Why we need lawyers in schools

By the Law Society of NSW|11 March 2020

Promoted by the Law Society of NSW

You expect to find lawyers in law firms, corporations, courts and even universities. But how often do you see a lawyer providing advice at a high school?

Christina Alkhamisi from Legal Aid, one of only a few lawyers in NSW to provide legal advice to school students, does precisely that. Every Wednesday she works at Fairfield High School to provide legal advice to students.

The pilot program is due to run for one year, but Alkhamisi is passionate about expanding it to other schools.

“The fact that we’re the only ones doing this program is worrying to me,” says Alkhamisi.

“Some students are experiencing domestic violence or criminal law issues, which makes them incredibly stressed and anxious. They’re not showing up to school because of these legal issues.

“If they can get help from us, then they’re able to attend school and pay attention in class.”

Fairfield High School was selected due to its proximity to the Legal Aid office where Alkhamisi works, and because of the area’s large refugee community.

The benefit of this proximity is that the students have the option to come into the Legal Aid office if they don’t feel comfortable meeting at school. Equally, being based at the school one day a week makes it easier to follow up on students who are difficult to contact.

Alkhamisi says the bulk of her student matters involve immigration, employment, financial disadvantage and domestic violence. She notes the key difference to dealing with students is a lot more hand holding.

“There are a lot of services available to students, but if I just tell them about it, like I would an adult, they won’t follow through,” says Alkhamisi.

She says there is a misconception that young people don’t care about their legal issues.

“This is not the case. They’re affected just as much as adults, but they’re not as vocal about it and they don’t know how to get help,” she says.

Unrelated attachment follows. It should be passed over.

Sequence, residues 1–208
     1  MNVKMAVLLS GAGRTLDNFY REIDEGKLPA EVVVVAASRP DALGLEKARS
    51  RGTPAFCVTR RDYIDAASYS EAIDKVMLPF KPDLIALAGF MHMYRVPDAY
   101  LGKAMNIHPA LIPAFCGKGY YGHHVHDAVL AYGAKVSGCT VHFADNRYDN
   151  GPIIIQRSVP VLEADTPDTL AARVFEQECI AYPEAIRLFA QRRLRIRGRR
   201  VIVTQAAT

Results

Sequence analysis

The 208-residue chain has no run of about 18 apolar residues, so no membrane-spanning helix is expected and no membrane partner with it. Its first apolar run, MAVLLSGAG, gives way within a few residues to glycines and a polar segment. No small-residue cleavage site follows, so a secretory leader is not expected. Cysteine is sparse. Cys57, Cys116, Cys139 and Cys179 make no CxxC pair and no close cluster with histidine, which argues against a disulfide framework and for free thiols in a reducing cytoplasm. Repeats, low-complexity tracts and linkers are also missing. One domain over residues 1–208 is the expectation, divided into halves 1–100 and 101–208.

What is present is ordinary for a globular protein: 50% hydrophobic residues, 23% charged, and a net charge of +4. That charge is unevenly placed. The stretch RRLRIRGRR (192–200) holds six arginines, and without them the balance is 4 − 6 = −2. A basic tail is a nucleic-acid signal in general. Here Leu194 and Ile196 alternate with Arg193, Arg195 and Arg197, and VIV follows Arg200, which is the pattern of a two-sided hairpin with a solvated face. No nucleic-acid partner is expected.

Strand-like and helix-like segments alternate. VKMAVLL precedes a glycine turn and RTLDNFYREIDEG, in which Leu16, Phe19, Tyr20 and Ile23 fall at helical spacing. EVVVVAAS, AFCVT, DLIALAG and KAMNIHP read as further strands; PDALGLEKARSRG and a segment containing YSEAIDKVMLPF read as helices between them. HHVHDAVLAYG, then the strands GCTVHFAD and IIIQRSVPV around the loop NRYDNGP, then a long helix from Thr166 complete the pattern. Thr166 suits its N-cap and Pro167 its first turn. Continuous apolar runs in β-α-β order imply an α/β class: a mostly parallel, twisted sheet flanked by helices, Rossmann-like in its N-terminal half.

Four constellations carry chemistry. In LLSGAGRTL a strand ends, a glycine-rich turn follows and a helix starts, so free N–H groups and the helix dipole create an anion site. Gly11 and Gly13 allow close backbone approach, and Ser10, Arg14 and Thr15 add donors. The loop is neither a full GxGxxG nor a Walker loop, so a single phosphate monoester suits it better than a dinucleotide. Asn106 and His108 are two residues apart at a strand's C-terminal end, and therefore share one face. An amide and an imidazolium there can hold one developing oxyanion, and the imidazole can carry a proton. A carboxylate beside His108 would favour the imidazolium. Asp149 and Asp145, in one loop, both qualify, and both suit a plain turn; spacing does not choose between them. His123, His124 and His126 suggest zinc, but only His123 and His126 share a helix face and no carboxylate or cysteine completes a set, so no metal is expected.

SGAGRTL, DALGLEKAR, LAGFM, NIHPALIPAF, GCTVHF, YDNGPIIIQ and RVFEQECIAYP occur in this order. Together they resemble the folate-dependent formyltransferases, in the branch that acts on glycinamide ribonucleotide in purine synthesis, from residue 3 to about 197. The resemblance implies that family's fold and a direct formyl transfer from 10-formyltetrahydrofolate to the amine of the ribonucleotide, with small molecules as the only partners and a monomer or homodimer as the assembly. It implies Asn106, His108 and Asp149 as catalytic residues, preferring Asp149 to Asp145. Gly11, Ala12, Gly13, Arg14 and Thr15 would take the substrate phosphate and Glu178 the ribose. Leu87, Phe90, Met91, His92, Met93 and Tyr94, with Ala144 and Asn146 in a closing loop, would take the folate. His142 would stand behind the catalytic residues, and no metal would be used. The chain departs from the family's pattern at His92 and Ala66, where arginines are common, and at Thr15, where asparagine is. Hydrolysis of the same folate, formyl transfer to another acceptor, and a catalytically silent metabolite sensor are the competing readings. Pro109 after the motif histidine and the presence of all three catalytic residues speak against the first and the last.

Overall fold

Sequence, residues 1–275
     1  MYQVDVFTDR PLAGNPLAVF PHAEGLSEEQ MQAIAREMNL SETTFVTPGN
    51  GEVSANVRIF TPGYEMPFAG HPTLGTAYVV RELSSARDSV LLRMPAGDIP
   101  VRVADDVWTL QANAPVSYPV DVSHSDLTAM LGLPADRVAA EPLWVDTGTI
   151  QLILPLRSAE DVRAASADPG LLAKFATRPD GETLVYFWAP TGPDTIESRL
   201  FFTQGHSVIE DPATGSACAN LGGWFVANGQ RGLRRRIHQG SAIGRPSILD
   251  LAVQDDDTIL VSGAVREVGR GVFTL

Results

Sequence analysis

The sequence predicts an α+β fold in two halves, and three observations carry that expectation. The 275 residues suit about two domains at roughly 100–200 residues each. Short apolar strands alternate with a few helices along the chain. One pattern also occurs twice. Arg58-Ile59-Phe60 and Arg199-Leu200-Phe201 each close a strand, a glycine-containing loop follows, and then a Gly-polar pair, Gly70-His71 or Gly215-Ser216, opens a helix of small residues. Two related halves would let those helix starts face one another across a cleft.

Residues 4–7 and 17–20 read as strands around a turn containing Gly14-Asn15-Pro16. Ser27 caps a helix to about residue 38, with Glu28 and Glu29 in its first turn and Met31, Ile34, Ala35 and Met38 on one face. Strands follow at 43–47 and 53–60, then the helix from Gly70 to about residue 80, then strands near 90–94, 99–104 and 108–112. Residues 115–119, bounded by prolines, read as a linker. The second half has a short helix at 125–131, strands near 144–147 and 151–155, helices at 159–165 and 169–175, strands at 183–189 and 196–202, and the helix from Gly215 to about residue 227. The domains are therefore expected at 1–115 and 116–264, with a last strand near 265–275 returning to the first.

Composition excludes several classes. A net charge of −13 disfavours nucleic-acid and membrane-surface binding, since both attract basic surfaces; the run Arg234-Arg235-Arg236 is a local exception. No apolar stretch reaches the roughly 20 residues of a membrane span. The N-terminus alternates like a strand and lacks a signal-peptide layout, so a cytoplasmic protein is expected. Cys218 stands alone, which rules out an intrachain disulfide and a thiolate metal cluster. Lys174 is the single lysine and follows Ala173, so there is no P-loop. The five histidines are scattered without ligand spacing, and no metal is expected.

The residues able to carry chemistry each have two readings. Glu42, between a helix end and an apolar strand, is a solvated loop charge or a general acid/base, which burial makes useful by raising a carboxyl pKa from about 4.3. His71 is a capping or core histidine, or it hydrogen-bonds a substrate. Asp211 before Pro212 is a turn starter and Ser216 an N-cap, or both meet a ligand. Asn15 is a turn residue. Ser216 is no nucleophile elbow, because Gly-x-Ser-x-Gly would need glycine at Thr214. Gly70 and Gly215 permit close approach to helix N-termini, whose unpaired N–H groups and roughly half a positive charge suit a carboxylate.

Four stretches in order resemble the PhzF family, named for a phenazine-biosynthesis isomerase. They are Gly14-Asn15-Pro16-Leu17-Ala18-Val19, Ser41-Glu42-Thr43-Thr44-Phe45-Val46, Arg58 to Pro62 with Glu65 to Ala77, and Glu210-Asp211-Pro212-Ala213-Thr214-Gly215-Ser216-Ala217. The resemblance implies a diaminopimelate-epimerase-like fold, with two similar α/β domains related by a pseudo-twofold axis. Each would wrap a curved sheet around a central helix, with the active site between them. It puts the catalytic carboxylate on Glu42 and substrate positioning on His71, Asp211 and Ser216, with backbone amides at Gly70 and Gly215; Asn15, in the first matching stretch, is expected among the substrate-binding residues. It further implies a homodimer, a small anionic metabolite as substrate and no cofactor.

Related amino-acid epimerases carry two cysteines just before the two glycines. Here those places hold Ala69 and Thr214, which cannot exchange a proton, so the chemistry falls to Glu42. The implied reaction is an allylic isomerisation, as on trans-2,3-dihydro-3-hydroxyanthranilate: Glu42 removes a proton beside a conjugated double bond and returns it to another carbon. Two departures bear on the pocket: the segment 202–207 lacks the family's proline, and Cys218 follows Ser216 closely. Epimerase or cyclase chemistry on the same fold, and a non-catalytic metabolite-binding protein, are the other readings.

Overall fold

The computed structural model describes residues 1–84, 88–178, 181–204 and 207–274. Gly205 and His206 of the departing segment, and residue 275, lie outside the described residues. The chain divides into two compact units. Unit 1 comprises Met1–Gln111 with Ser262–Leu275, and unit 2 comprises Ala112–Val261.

ThisLegal Aid program advocates a holistic approach to addressing legal issues in schools. For example, Alkhamisi assisted a student who was experiencing domestic violence at home and had moved in with a friend after trying to get assistance from the Department of Family and Community Services.

Subsequently, that friend’s mother financially abused the student. In addition to providing legal advice, Alkhamisi helped that student obtain youth allowance and accommodation.

“Youth clients are often not a priority for big law firms, but they should be,” says Alkhamisi.

If you’re interested in learning more, the Law Society of NSW is offering a CPD seminar on 23 March 2020 examining the relationship between law and the education system. Alkhamisi will be joined on the panel by Judge Peter Johnstone, President of the Children’s Court of NSW, a representative from the NSW Department of Education, and other experts.

The Law Society of NSW will be running this 1.5 CPD unit seminar from 9.00am-10.30am on Monday 23 March 2020.

For more information and to register see: Emerging issues in school law


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